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When it comes to climate change, one thing is certain: our oceans are rising. And South Florida is expected to be among the first regions on Earth to experience the impact. In fact, some initial preparations are already underway. WLRN-Miami Herald News presents a series of stories about the effects of sea-level rise. The project is called “Elevation Zero: Rising Seas In South Florida." Click through the pages below to see our entire archive of Elevation Zero stories.

Sea-Level Rise Taking The Pines Out Of Big Pine Key

Nancy Klingener

Big Pine Key takes its name from the pine forests that cover the island, about 30 miles from Key West. Rare plants and endangered animals — such as the Key deer — live in those forests.

But now the forests and hammocks are threatened by the rising seas around and beneath them.

Robert Ehrig points to a piece of land that was hardwood hammock when he came to live here 35 years ago.

“All the palms in here are dead,” Ehrig said. “The last one died about the time of Hurricane Wilma, about seven, eight years ago, maybe right after. Those palm trees were eight, 10-feet tall, which means they were 70 to 100 years old because they’re a very slow growing species and they died simply because of the prolonged tides.”

Big Pine Key has pine forests and hardwood hammocks because it sits on a freshwater lens. They need that freshwater to survive. The island is made of limestone, which holds rainwater -- almost like a sponge.

But that sponge is porous to all kinds of water.

Chris Bergh is South Florida conservation director for the Nature Conservancy. And he lives on Big Pine.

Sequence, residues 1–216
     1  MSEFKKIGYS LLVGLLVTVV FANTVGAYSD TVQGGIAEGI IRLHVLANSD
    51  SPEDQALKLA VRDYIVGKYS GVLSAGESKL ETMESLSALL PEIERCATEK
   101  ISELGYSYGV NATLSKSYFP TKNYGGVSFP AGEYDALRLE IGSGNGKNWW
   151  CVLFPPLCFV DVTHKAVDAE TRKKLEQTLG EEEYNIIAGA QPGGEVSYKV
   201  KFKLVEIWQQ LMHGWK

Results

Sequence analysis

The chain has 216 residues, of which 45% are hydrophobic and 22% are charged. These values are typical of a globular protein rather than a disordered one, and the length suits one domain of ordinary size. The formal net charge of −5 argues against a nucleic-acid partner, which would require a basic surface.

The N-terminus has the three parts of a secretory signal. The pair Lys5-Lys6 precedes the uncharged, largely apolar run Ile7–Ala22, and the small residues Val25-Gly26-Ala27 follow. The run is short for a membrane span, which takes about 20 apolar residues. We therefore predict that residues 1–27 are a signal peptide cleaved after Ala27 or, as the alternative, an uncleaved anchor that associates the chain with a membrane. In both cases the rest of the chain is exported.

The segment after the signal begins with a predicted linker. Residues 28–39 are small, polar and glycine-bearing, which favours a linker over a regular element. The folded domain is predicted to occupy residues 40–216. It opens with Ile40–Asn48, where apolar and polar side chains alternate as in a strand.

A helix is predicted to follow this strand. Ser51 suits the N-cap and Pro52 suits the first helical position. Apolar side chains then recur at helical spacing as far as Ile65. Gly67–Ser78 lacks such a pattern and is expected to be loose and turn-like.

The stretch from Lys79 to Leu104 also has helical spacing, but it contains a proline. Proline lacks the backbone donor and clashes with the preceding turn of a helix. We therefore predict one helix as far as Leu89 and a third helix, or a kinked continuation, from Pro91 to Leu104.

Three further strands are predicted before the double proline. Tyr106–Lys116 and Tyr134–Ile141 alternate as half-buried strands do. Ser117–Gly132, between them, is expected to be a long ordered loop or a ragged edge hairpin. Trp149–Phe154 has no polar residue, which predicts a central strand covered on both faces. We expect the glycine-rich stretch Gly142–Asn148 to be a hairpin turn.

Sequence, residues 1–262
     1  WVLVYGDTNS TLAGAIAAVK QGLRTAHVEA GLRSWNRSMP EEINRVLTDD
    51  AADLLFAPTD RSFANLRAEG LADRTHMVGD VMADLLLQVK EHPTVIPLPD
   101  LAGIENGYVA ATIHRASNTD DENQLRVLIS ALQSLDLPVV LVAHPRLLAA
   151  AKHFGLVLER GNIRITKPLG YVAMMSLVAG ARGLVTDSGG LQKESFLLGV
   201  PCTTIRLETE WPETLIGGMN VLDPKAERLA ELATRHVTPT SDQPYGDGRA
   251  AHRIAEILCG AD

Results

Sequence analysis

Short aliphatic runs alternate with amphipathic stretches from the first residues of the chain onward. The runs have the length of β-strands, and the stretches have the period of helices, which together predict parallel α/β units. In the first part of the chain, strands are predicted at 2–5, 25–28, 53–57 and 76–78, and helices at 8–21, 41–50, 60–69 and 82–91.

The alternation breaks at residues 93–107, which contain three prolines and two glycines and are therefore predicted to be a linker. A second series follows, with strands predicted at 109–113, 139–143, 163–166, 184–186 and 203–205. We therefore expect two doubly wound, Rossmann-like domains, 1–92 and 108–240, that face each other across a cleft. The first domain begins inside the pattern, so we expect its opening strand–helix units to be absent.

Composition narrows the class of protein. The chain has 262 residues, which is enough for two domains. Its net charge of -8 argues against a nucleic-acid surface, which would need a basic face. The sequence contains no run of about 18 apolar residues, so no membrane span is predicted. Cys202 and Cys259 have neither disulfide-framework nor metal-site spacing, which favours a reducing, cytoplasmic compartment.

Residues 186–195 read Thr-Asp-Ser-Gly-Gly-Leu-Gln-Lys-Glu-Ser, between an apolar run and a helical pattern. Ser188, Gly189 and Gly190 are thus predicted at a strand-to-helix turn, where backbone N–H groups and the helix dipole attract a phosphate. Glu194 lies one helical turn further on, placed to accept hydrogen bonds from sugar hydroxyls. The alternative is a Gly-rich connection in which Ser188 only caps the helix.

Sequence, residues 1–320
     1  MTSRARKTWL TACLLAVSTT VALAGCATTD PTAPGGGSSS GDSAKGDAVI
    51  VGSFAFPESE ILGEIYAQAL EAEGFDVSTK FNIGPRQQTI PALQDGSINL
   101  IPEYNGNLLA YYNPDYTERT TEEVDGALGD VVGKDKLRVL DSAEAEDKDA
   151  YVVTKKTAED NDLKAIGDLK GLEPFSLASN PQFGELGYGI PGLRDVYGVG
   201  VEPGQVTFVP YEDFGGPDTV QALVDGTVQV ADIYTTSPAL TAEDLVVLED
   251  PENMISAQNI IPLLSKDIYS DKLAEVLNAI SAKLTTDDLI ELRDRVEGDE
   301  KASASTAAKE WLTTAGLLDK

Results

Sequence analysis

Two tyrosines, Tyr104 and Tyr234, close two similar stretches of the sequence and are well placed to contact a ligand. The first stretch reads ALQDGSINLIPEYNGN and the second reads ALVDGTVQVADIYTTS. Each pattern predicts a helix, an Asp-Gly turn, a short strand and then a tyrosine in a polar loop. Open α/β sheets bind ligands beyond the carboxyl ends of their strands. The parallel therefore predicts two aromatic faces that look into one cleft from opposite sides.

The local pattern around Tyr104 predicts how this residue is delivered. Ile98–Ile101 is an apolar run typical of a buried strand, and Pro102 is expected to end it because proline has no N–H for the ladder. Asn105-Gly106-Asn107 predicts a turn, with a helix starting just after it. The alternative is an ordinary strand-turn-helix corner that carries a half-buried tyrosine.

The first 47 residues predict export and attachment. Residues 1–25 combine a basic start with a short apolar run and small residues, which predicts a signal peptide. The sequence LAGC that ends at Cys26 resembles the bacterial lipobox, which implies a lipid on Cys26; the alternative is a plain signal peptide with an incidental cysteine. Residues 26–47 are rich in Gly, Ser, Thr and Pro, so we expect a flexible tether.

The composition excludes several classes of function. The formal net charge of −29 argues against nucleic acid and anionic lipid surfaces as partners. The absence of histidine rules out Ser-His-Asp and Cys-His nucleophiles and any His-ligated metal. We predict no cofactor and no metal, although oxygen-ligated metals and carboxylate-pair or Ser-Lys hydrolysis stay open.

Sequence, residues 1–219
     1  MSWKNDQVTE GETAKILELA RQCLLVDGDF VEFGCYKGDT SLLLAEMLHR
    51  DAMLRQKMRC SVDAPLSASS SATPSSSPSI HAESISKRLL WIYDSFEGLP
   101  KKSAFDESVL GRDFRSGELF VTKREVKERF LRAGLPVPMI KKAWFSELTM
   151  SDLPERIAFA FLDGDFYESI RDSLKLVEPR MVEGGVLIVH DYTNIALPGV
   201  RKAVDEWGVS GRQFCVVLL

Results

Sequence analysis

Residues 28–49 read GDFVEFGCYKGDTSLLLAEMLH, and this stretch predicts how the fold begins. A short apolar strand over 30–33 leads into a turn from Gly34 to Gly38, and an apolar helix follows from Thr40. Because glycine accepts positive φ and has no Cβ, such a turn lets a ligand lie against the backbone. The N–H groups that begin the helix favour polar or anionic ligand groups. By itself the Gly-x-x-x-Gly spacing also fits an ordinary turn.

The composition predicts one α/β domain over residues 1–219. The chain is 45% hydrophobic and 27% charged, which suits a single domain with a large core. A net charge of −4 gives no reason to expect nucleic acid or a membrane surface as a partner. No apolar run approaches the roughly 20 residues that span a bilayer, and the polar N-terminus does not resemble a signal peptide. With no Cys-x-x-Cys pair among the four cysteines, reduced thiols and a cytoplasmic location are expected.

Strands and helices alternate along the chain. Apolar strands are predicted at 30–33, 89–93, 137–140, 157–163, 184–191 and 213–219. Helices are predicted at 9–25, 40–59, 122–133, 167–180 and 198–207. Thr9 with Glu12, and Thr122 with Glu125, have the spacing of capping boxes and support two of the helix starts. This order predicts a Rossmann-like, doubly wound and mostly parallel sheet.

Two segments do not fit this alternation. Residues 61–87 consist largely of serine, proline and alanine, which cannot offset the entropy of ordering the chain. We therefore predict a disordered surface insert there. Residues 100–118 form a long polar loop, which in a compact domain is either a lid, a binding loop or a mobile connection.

“As the sea rises, the freshwater is pushed out by saltwater. As the sea rises, the island itself becomes smaller. And as the sea rises, the freshwater dependent species start to give way,” Bergh said. “They start to lose the battle between themselves and saltwater tolerant species like mangroves.”

Bergh says sea-level rise affects islands like Big Pine differently from mainland South Florida.

“Not only as the sea rises does it come in from every direction, from north, south, east and west, but it also comes up from beneath,” he said. “It comes up through the ground itself and the saltwater actually moves up through the rock, bubbling up, so to speak, from below.”

And that’s why the pines of Big Pine Key are disappearing.

Despite the changes he sees on his land, Robert Ehrig says in some ways, it’s still the quiet, rural island he discovered back in the seventies.

“I remember coming to Florida after being in Hawaii and the Virgin Islands, Puerto Rico and Central America and being kind of disappointed until I got to the Keys,” he said. “Because then I was out of the country again.”

Back then, high tides would cover his property maybe five times a year. Now he says it’s more like thirty. His land is now dotted with the skeletons of trees like slash pine, poisonwood and varnishwood. In their place, red mangroves are thriving, because they do really well in saltwater.

“What’s happening here is the natural history is really changing,” Ehrig said. “And it’s changing rapidly for a number of reasons, but the most pronounced reason is sea-level rise.”

Big Pine, like all the Florida Keys, was created by the sea. It’s the sea that draws the people who choose to make their lives here — and the sea that shaped the land. The sea is still altering the landscape, changing the ecosystem before our eyes. We notice when a storm surge covers the island – but you have to live here for awhile to see the rhythmic repeated tides that are washing ever higher over the land and the retreat of the pine forests, leaving a monoculture of mangroves in their wake.

Nancy Klingener covers the Florida Keys for WLRN. Since moving to South Florida in 1989, she has worked for the Miami Herald, Solares Hill newspaper and the Monroe County Public Library.